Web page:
NOKOMIS, Fla. — Two West Virginia University graduates who live in southwest Florida are safe after Ian slammed into the Gulf Coast as a Category 4 hurricane leaving behind massive destruction.
Elizabeth and Manu Chicoine live in Nokomis, which is about an hour north of where the eye of the storm hit in Fort Myers Wednesday afternoon. They decided to travel about 10 minutes south to stay overnight at Elizabeth’s parent’s house in Venice.
“I think we definitely got very lucky,” Elizabeth said during an appearance on Thursday’s MetroNews “Talkline.”
The wind started to pick up around 3 p.m. Wednesday. During their drive to Venice, the Chicoines saw the start of what would eventually become complete devastation.
“It was very windy, rainy, no lightening and no thunder, but the trees were swaying back and forth and I was definitely a little scared,” Elizabeth told “Talkline” Host Hoppy Kercheval.
The area was flooded with no way out for most people. Fortunately, the couple lives on the second floor of a condo building, so even if they did stay at their home, Manu said they would’ve been fine.
“If we would’ve stayed here, I wouldn’t have been very worried about the flooding at all, but Elizabeth felt safer going inland slightly more to where her parent’s home is even though it was more south,” he said.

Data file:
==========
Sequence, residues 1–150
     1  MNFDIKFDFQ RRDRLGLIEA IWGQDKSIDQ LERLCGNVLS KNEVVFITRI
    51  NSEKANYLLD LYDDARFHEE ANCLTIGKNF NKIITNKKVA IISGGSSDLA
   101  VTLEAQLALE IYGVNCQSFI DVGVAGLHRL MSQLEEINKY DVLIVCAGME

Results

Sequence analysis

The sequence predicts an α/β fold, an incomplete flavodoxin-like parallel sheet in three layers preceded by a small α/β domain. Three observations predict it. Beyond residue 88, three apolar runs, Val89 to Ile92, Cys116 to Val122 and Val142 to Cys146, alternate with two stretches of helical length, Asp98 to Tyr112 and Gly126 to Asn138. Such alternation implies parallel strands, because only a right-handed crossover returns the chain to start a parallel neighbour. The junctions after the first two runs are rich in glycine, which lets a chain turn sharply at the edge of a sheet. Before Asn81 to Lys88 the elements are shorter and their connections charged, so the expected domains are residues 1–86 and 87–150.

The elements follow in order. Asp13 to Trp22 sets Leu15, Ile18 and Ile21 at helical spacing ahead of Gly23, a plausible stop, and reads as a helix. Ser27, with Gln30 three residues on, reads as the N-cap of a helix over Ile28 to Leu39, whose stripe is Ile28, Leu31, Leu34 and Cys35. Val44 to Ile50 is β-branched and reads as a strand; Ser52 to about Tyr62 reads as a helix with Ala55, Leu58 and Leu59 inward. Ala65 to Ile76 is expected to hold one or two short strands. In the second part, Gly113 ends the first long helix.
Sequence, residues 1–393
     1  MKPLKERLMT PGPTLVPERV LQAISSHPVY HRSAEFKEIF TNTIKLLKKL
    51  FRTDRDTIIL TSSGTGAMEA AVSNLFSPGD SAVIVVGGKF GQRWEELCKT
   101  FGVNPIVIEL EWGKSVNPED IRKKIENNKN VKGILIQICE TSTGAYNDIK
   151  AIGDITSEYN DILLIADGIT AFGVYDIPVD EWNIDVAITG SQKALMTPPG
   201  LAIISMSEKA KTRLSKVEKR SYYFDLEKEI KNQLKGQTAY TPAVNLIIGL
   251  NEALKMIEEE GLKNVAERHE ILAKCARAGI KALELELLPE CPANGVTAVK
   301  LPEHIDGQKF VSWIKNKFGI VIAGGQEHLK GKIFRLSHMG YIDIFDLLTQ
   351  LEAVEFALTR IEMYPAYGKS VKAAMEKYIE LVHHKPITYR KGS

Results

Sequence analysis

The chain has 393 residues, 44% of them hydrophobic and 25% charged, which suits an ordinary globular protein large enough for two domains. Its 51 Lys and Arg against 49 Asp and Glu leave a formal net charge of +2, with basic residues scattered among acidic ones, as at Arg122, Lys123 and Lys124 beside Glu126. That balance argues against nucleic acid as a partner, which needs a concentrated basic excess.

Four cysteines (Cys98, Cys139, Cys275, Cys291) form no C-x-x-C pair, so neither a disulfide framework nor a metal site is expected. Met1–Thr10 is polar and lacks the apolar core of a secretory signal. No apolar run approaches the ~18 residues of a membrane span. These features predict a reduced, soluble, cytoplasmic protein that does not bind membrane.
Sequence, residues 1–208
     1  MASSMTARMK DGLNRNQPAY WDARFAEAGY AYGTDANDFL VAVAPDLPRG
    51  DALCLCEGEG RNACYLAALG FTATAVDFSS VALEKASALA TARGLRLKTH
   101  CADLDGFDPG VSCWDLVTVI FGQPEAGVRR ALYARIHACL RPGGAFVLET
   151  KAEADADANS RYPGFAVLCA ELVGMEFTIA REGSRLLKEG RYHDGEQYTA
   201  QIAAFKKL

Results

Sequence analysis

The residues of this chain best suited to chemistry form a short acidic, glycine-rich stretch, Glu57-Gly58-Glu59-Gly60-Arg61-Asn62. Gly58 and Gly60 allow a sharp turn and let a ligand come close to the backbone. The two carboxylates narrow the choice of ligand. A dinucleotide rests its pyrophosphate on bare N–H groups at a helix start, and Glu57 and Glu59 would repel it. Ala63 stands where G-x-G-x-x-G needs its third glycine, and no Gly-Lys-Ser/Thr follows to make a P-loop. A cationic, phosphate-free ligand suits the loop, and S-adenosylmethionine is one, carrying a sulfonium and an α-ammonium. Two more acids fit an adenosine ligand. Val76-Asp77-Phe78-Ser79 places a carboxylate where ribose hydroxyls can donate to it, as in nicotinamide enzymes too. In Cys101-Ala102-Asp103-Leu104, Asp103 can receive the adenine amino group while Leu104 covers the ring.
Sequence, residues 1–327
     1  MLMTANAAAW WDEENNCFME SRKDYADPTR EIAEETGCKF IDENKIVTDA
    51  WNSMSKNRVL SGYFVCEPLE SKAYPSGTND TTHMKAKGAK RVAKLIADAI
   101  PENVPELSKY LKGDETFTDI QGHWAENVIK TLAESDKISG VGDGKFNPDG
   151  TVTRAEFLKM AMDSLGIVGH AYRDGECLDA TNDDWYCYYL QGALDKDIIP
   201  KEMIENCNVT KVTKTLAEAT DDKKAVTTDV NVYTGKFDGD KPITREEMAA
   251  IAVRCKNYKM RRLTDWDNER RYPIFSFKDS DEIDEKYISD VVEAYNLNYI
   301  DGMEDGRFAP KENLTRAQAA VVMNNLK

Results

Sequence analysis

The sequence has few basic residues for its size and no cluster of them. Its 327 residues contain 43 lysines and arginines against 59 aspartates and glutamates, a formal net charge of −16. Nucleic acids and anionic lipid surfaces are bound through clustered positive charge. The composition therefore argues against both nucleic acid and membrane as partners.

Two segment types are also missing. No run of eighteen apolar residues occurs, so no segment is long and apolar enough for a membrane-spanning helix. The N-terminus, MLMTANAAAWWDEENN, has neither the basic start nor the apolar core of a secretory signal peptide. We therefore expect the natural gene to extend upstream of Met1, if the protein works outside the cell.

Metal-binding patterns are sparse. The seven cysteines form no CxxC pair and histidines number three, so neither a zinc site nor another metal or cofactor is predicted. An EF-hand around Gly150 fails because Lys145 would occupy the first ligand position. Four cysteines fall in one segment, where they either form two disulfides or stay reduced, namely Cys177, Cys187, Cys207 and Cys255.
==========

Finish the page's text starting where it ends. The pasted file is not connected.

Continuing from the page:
Manu said their decision to stay was based on the trajectory of the storm. While it was unknown, Manu said he felt they were positioned in a way that would put them out of harm’s way.
“It didn’t seem like we were going to get a ton of flooding. We’re not on the beach side of (Route) 41. I felt like the keys and the islands would get the most flooding,” he said.
Elizabeth’s parents house received no damage.
“I think they had a tree where one of the branches fell, but that was it, luckily,” she said.
The couple still has internet, too.
“Even up in Sarasota, I have co-workers up there who aren’t able to get on the Internet and at least we have 5G we can get on,” Elizabeth said.
The Chicoines were also with their 5 year old daughter Elle who is also safe.
More than two million homes in Florida remained without power Thursday afternoon.
The storm is expected to travel north in the next few days and dump several inches of rain in West Virginia on Saturday and Sunday.